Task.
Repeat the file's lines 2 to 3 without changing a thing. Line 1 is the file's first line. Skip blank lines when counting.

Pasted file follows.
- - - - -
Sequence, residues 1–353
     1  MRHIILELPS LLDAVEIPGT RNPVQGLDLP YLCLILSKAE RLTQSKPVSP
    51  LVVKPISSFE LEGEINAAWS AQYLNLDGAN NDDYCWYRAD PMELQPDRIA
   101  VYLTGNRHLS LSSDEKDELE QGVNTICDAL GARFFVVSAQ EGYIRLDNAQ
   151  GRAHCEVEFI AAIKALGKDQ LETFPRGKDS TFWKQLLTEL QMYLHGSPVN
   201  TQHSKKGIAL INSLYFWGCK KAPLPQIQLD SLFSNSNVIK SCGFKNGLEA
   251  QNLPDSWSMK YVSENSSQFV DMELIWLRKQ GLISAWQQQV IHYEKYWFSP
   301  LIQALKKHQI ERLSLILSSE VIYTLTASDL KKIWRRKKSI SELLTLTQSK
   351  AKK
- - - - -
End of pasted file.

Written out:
     1  MRHIILELPS LLDAVEIPGT RNPVQGLDLP YLCLILSKAE RLTQSKPVSP
    51  LVVKPISSFE LEGEINAAWS AQYLNLDGAN NDDYCWYRAD PMELQPDRIA